Privacy concerns over live facial recognition are 'much smaller' than the need to protect the public from 'a knife through the chest', Met Police chief Cressida Dick has said.
She told a conference in Whitehall that critics of the use of such technology would need to justify to victims of crime why police should not be allowed to use these methods.
She said that if artificial intelligence could help identify potential terrorists, rapists or killers, most members of the public would want them to use it.
Recent Metropolitan Police use of facial recognition led to the arrest of eight criminals who would not otherwise have been caught, delegates heard.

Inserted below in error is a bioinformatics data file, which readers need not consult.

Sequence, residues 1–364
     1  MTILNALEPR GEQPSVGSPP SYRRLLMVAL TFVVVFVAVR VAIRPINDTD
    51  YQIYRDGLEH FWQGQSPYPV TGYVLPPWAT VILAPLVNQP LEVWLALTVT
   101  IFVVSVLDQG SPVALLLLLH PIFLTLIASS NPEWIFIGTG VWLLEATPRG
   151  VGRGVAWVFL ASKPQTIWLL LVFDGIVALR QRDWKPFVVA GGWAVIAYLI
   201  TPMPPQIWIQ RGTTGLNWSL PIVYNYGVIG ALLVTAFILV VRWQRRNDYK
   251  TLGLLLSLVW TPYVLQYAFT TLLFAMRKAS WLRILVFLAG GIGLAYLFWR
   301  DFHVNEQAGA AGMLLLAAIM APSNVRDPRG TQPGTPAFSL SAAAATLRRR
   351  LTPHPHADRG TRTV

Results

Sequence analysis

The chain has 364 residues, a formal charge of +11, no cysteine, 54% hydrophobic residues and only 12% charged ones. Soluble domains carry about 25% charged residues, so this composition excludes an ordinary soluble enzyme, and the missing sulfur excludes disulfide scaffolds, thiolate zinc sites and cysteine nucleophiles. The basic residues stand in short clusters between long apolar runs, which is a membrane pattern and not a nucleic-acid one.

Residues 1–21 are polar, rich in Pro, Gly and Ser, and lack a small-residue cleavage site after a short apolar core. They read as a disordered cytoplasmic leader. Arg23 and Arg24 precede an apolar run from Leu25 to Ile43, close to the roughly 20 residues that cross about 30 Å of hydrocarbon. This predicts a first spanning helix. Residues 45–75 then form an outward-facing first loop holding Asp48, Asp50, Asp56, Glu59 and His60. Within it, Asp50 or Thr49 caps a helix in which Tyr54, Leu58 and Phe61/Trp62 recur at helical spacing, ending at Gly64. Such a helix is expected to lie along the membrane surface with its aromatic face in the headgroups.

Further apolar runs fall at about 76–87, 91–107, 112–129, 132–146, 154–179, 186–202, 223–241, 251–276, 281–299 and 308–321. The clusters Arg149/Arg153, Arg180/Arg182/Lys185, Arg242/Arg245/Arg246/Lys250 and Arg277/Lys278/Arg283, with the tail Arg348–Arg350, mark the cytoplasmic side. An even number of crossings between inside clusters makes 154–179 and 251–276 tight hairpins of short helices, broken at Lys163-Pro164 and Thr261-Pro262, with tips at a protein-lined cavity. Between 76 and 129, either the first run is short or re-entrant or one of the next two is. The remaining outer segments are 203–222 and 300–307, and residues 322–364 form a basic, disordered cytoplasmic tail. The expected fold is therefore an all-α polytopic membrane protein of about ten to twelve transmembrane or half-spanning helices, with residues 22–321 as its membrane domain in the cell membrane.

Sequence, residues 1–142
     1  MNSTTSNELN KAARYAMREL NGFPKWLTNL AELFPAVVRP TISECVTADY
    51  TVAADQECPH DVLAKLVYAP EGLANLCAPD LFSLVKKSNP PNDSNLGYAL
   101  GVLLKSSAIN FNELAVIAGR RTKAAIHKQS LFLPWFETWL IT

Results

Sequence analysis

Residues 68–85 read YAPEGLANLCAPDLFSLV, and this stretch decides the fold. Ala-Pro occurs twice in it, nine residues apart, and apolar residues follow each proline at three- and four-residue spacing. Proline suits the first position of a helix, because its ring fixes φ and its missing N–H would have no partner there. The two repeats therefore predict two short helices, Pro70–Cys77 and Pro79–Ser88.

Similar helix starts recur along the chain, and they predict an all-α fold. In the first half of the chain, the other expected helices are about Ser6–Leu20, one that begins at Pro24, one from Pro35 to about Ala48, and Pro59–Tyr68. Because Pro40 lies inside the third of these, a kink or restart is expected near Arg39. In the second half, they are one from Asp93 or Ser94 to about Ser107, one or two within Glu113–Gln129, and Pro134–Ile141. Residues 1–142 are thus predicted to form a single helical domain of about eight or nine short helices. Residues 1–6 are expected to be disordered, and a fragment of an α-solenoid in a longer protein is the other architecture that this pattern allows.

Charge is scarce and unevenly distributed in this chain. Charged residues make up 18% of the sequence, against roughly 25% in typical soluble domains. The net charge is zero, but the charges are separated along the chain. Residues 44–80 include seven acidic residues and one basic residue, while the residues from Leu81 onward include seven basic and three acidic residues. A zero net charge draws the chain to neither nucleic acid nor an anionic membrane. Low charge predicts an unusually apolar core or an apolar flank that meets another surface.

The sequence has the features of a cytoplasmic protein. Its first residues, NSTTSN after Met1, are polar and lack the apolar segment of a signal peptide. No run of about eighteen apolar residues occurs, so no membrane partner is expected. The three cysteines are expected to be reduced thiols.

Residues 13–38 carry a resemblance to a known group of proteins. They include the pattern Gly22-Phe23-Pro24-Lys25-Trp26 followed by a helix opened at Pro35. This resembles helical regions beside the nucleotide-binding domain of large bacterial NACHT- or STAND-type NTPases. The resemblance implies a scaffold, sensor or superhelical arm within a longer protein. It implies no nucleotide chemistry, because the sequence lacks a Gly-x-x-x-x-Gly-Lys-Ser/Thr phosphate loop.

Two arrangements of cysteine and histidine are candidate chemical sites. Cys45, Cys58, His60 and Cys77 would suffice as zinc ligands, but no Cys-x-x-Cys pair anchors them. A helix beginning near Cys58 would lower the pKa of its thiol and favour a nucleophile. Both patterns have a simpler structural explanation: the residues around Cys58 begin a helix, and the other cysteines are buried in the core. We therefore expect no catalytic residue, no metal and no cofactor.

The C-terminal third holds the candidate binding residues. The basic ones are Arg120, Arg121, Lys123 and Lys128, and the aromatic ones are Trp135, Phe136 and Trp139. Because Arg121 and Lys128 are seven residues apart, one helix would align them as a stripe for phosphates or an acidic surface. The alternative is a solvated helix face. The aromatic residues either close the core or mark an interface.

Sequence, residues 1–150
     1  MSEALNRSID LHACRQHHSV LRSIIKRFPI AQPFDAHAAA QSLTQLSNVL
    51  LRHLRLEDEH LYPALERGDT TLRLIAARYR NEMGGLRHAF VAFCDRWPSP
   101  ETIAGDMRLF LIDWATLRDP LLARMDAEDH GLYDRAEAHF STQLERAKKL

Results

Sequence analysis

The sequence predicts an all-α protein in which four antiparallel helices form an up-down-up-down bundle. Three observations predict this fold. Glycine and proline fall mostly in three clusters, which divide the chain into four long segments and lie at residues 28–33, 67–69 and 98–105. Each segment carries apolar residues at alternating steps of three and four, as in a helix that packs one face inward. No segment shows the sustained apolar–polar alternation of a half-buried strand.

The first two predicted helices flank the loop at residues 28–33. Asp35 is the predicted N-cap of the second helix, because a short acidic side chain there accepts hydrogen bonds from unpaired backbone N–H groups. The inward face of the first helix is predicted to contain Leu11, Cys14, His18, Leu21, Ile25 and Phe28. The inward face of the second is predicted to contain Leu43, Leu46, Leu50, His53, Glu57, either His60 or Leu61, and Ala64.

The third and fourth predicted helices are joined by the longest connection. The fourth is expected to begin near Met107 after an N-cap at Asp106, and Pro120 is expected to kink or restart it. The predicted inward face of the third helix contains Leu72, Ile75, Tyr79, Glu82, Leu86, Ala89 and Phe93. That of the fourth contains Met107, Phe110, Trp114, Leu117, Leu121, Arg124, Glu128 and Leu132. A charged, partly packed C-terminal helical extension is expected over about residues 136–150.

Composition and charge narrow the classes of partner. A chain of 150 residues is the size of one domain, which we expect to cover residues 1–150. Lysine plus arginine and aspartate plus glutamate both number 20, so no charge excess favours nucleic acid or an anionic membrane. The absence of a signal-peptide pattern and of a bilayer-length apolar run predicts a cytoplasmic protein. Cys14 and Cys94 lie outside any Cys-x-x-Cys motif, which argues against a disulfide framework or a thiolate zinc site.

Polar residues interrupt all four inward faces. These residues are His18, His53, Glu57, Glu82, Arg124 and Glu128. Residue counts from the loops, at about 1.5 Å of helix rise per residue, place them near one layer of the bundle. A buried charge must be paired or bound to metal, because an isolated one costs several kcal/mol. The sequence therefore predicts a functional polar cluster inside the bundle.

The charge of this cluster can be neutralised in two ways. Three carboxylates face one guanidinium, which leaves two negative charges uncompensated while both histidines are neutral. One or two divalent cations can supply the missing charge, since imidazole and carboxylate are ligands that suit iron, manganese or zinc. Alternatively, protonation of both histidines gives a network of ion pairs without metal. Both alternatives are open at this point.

Use of the technology has been criticised as a violation of privacy.
During a deployment by the Met at Oxford Circus last week, Silkie Carlo from civil liberties group Big Brother Watch, said:
People scanned by the cameras are checked against "watchlists" - said to contain suspects wanted by police and the courts - and approached by officers if there is a match.
The Met claims that the technology has a very low failure rate, with the system only creating a false alert one in every 1,000 times.
However, using a different metric, last year research from the University of Essex said the tech only achieved eight correct matches out of 42, across six trials it evaluated.
The latest algorithm used by the Met is said to show no bias on the base of ethnicity, although it is less accurate for women than men.